-Pg. 6, para3 & Pg. 7 para1: Lotsa 'He's starting the sentences. Again, sentence variation.

-I'll add more later.

If I were you, I would've gone bat-shit insane and have some fun with a topic like that. 'Course, I've yet to see a college class, nor do I know much about your professor.

If this were an essay, I would've liked to have seen more editorial when you were outlining Ghost and Chobits. Essays are all about opinion, after all. Now, if it's a research paper, which I expect it to be with all the citing, the style you've got going is pretty appropriate. But, you can still color up your writing without sacrificing objectivity.

I just don't like reading research papers that much; doubt anyone does. <p>

<div style="text-align:center">Image</div></p>Edited by: [url=>RedEye]&nbsp; Image at: 12/15/05 3:08


Account theft! This is Kai!

Unread postby Archmage144 » Thu Dec 15, 2005 8:40 pm

This essay was for my anthropology class, and my teacher likes/uses a strange mix of the informal and formal in papers,lectures, etc. A lot of the essay content was pretty strongly colored by things we discussed in class. She talked a lot about the ways gender roles are both challenged and reinforced by some media, particularly things like Takarazuka theater.

That's why most of the paper shied away from things like redefining the nature of humanity. I considered it, but not only is that a paper in itself, the course is one on Japanese popular culture. It's more important to know why those questions interest consumers than it is to answer them in nine pages of anime analysis.

I realize that for someone without much interest in anthropology it wouldn't become interesting until I started talking about anime and robots exclusively. However, for me the important part of the paper is not proving to others that I watch and appreciate anime. That's kind of a given. The reason I wrote the paper was, in part, because I wanted to know why I enjoy consuming these types of portrayals. I can learn this by evaluating what consumers in general find these cyborgs appealing.

That's why the paper isn't an editorial of Chobits or GitS. The purpose of the paper is to explore why these things are popular. What is it that consumers want to see when they seek out this anime/manga? The purpose of the paper is not to wank the collective egos of Clamp or of Mamoru Oshii.

I posted it first of all (and most importantly) because a lot of people sat by very patiently in chat while I ranted about the portrayal of robots in the media. Second, I posted it because we've all seen anime. We've all heard of manga, and may even have read some! Not everyone has thought to apply anthropology to it. I thought it was an interesting application of the discipline.

If I were you, I would've gone bat-shit insane and have some fun with a topic like that. 'Course, I've yet to see a college class, nor do I know much about your professor.

I just wanted to quote that. It's an interesting way to take a topic seriously, to go batshit insane and "have some fun." To me, thinking of things in some kind of academic mindset is fun. Some day I hope to be doing this for a living. That means that professionalism is usually a safer bet than batshit insanity.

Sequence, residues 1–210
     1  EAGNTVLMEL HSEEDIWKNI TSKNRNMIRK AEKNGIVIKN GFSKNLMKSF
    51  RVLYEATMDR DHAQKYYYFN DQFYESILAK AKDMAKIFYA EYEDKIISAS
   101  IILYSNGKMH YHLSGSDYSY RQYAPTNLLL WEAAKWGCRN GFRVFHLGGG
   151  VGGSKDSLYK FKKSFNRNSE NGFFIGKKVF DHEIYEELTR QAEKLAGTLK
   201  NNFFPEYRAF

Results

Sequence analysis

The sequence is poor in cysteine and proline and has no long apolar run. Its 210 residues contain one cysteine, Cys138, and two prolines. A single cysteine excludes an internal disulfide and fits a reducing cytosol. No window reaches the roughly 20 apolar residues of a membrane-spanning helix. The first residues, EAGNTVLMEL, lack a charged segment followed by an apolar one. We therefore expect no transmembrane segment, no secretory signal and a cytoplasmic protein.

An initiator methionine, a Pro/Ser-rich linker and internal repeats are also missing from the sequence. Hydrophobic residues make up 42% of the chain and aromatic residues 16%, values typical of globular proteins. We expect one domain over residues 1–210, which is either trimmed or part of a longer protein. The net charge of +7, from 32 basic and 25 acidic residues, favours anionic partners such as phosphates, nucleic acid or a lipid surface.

At any rate, I do appreciate that people noticed I posted it. It's good to have someone besides my teacher and myself aware of the depth of my obsession with this kind of thing. <p>
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Re: Account theft! This is Kai!

Unread postby Seethe347 » Fri Dec 16, 2005 12:12 am

I'd say that, overall, it's done the way a "fact-finding" research paper should be done. My only "real" complaint is that the first paragraph needs some work. Basically, "It would seem" and "Further" aren't necessary, you need to make it clear that you are referring to the blending of humanity and technology in fiction and not in reality, and it would help if you stated your purpose because, by just reading the paper, I couldn't tell exactly what it was.

Now, to make the whole thing better structurally, I would have suggested that you place your analysis of the cyberpunk genre before your evaluation of the reasons for its popularity. As it stands, you begin by stating that you intend to explain the reasons for the proliferation of cyborgs in Japanese media, then you explain those reasons, and then you give several pages of information about the genre itself. Doing it this way is pretty much the same as writing a critique of a paper by giving your opinions on the paper first and then summarizing the paper. There is a reason that it is standard practice in the writing of a critique to provide the summary first: it lets the reader know what you are talking about while you are actually talking about it. If you had described the genre first, your description could have served the purposes of both familiarizing the reader with the subject and eliciting an interest in understanding the subject's origins and inner workings. But by being placed last, the description is basically reduced to little more than an information dump. By the time you get to it, you have already accomplished the goal of explaining why the genre in question is so popular, so the contribution it can make to the actual purpose is fairly limited.